The Observatory's Report on Intolerance and Discrimination against Christians
The Observatory's Report on Intolerance and Discrimination against Christians in the Year 2011 was released on March 19th, 2012.
This report portrays the most important developments with regard to freedom of religion, the most striking cases of intolerance and discrimination throughout Europe – and what individuals and institutions say about it. The report includes several statistics as well as analysis of the meaning of freedom of religion in the European context.
Executive Summary of the Report 2011
1. Intolerance and Discrimination against Christians, describing the denial of equal rights and the social marginalization of Christians, is the most explanatory term for this phenomenon in the Western world. Even though this is technically a form of persecution, it must not be called so in Europe, in order to avoid confusion with the crimes committed against Christians in other places of the world.
2. Statistics show the breadth of the problem: 74% of UK respondents said that “there is more negative discrimination against Christians than people of other faiths”. 84% of the strongly increasing vandalism in France is directed against Christian places of worship. In Scotland, 95% of religiously motivated violence targets Christians.
3. The Parliamentary Assembly of OSCE sees the problem, encourages public debate on intolerance and discrimination against Christians in Europe, and calls for a reassessment of legislation with possible negative ramifications for Christians.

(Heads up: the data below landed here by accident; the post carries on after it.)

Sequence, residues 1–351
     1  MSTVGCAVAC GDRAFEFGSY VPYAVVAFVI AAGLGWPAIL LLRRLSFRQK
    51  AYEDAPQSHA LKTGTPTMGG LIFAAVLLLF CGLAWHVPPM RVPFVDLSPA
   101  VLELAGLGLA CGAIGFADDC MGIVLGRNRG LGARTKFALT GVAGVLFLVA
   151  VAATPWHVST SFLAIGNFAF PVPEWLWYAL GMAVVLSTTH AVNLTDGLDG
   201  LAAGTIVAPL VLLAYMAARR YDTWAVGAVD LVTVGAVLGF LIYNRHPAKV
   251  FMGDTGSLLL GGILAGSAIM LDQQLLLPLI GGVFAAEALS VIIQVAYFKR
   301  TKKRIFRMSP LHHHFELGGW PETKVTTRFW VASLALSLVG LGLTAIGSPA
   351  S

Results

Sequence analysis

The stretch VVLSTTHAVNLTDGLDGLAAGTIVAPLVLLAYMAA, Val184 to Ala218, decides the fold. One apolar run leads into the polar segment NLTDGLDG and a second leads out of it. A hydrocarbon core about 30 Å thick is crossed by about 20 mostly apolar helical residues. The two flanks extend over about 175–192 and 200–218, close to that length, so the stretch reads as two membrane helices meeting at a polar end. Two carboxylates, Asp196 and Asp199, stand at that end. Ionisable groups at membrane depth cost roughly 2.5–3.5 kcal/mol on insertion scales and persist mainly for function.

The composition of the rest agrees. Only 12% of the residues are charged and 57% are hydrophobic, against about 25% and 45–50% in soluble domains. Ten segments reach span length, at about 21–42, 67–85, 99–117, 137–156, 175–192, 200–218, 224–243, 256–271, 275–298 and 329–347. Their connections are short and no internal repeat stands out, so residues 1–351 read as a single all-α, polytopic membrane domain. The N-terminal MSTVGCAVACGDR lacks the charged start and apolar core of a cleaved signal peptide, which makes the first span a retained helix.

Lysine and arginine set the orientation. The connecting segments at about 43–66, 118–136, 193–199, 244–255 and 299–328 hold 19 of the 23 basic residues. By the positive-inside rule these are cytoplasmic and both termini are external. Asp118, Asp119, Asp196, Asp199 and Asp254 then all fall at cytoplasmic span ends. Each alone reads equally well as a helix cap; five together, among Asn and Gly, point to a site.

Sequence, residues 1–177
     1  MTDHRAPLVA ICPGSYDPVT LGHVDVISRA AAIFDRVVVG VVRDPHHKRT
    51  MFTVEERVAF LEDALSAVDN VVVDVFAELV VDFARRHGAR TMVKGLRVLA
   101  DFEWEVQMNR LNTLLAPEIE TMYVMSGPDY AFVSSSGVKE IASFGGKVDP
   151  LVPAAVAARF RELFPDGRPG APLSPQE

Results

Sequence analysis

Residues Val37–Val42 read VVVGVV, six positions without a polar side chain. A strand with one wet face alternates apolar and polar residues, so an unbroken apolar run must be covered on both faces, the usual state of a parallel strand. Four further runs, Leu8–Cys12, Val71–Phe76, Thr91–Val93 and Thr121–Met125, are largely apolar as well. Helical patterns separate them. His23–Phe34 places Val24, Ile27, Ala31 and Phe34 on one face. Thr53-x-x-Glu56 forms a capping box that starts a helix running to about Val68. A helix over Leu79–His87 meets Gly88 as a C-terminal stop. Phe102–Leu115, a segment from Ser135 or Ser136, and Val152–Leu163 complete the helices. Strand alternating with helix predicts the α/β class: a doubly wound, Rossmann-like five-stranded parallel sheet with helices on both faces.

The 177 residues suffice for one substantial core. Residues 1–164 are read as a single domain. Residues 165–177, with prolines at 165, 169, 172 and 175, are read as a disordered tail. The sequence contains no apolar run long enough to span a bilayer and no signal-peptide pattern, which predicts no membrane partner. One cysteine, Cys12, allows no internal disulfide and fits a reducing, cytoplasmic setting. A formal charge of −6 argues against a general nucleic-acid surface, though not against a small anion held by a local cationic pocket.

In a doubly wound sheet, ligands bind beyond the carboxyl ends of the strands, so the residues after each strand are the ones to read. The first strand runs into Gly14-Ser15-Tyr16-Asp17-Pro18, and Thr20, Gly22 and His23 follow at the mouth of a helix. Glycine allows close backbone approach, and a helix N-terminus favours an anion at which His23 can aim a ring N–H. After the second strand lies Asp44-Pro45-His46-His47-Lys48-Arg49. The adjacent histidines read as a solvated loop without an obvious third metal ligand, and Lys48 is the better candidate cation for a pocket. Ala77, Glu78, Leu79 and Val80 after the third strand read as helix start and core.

4. Countless individuals and institutions have raised their voice in 2011 to draw attention to the growing intolerance against Christians, and to warn that a change is necessary.
5. 180 incidents of intolerance and discrimination against Christians were documented by the Observatory in 2011, several of which are presented in this report in the following categories: Freedom of Religion, Freedom of Expression, Freedom of Conscience, Discriminatory Equality Policies, Exclusion of Christians from Social and Public Life, Repression of Religious Symbols, Insult, Defamation and Negative Stereotyping, Hate Incidents, Vandalism and Desecrations, and Hate Crimes against Individuals.
If you want the whole report: The Report (pdf)
- Major victory for life in Europe: ‘Euthanasia must always be prohibited’
- Europe needs Christianity says President of European Parliament
- Working with the Muslims at the UN.
- England riots: The world is watching
- Police close ‘offensive’ art exhibition
- Three religions meet in suburban Paris prayer space
- Archbishops: It is not too late to stop this shambolic Bill
- Seventy per cent of World Population Live in Countries with High Restrictions on Religious Beliefs
- Slow, Mysterious Egypt Sits and Waits...?
- Assisted dying legislation passes despite faith leaders' campaigning